Refrigerant Charge Check—Units with Fixed
After completing the airflow measurements and adjustments, the
unit's refrigerant charge must be checked. The unit comes
factory-charged, but this charge is based on 325 CFM per ton
and a minimum ESP per ARI test conditions (generally between
0.15 to 0.25 ESP). When air quantity or ESP is different than
above, the refrigerant charge must be adjusted to the proper
Disconnect ALL power before servicing.
Multiple power sources may be present.
Failure to do so may cause property damage,
personal injury or death.
The self-contained package air conditioner or heat pump should
operate for many years without excessive service calls if the unit
is installed properly. However, it is recommended that the
homeowner inspect the unit before a seasonal start-up. The coils
should be free of debris, so adequate airflow is achieved. The
return and supply registers should be free of any obstructions.
The filters should be cleaned or replaced.
These few steps will help to keep the product up time to a
maximum. The System Troubleshooting chart should help in
identifying problems if the unit does not operate properly.
NOTE: The following information is for use by qualified service
agency only. Others should not attempt to service this
Common Causes of Unsatisfactory Operation of Heat
Pump on the Heating Cycle.
Inadequate Air Volume Through Indoor Coil
When a heat pump is in the heating cycle, the indoor coil is
functioning as a condenser. The return air filter must always
be clean, and sufficient air volume must pass through the
indoor coil to prevent excessive discharge pressure, and high
All package units with fixed orifice devices are charged using the
superheat method at the compressor suction line.
For charging in the warmer months, 8ºF ± 3ºF superheat at the
compressor is required at conditions 95ºF (35ºC) outdoor
ambient (dry bulb) temperature, 80ºF (27ºC) dry bulb/67ºF (19ºC)
wet bulb indoor ambient, approximately 50% humidity. This
superheat varies when conditions vary from the conditions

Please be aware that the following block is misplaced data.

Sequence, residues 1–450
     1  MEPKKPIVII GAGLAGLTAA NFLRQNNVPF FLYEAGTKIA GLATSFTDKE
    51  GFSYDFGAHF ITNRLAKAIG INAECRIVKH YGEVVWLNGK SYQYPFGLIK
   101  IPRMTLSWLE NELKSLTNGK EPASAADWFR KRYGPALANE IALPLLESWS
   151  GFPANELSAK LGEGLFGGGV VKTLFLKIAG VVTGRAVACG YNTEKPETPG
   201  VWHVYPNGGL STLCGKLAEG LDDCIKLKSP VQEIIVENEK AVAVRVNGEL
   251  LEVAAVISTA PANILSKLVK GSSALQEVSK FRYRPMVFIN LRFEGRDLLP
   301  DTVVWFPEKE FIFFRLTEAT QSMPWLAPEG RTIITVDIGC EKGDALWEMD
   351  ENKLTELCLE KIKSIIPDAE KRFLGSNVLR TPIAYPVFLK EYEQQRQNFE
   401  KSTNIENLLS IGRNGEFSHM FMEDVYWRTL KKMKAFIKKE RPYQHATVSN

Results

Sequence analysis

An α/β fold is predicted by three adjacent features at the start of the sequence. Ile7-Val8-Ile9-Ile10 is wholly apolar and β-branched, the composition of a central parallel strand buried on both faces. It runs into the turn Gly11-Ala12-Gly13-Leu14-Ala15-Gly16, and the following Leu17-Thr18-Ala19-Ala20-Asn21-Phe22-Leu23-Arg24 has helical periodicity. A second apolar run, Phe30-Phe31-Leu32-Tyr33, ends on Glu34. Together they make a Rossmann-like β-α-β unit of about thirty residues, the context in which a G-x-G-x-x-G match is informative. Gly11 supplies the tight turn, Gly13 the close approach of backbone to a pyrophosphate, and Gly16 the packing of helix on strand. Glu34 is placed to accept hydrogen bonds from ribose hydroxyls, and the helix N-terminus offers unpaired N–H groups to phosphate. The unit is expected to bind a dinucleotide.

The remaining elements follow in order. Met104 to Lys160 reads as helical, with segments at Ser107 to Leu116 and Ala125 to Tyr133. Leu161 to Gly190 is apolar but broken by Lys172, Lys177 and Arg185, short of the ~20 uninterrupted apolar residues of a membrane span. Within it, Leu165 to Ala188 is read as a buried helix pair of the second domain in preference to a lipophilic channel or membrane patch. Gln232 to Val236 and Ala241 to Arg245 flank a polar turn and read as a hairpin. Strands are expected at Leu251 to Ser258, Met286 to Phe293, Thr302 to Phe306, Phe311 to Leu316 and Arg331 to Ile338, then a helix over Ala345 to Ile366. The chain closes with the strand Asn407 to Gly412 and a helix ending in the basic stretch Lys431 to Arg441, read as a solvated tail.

After superheat is adjusted, it is recommended that the
subcooling be checked at the condenser coil liquid line out. In
most operating conditions, 10ºF to 15ºF of sub-cooling is
Outside Air Into Return Duct
Do not introduce cold outside air into the return duct of a heat
pump installation. Do not allow air entering the indoor coil to
drop below 65°F (18ºC). Air below this temperature will cause
low discharge pressure, thus low suction pressure, and
excessive defrost cycling resulting in low heating output. It
may also cause false defrosting.
An undercharged heat pump on the heating cycle will cause
low discharge pressure resulting in low suction pressure and
frost accumulation on the outdoor coil.
Poor "Terminating" Sensor Contact
The defrost terminating sensor must make good thermal
contact with the outdoor coil tubing. Poor contact may not
terminate the defrost cycle quickly enough to prevent the unit
from cutting out on high discharge pressure.
Malfunctioning Reversing Valve
This may be due to:
1. Solenoid not energized—In order to determine if the
solenoid is energized, touch the nut that holds the
solenoid cover in place with a screwdriver. If the nut
magnetically holds the screwdriver, the solenoid is
energized and the unit is in the cooling cycle.
2. No voltage at the solenoid—Check unit voltage. If no
voltage, check wiring circuit.
3. Valve will not shift—If the unit is undercharged, check for
leaks. If valve body damaged, replace valve. If unit is
properly charged, and it is on the heating cycle, raise the
discharge pressure by restricting airflow through the
indoor coil. If the valve does not shift, tap it lightly on both
ends with a screwdriver handle.
NOTE: Do not tap the valve body.
If the unit is on the cooling cycle, raise the discharge
pressure by restricting airflow through the outdoor coil. If
the valve does not shift after the above attempts, turn off
the unit and wait until the discharge and suction pressure
equalize, and repeat above steps. If the valve does not
shift, replace it.